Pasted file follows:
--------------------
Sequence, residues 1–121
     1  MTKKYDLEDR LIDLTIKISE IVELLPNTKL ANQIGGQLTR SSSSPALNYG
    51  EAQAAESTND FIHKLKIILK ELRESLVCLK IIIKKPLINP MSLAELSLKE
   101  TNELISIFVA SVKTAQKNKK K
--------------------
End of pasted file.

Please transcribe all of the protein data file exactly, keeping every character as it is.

Sequence, residues 1–121
     1  MTKKYDLEDR LIDLTIKISE IVELLPNTKL ANQIGGQLTR SSSSPALNYG
    51  EAQAAESTND FIHKLKIILK ELRESLVCLK IIIKKPLINP MSLAELSLKE
   101  TNELISIFVA SVKTAQKNKK K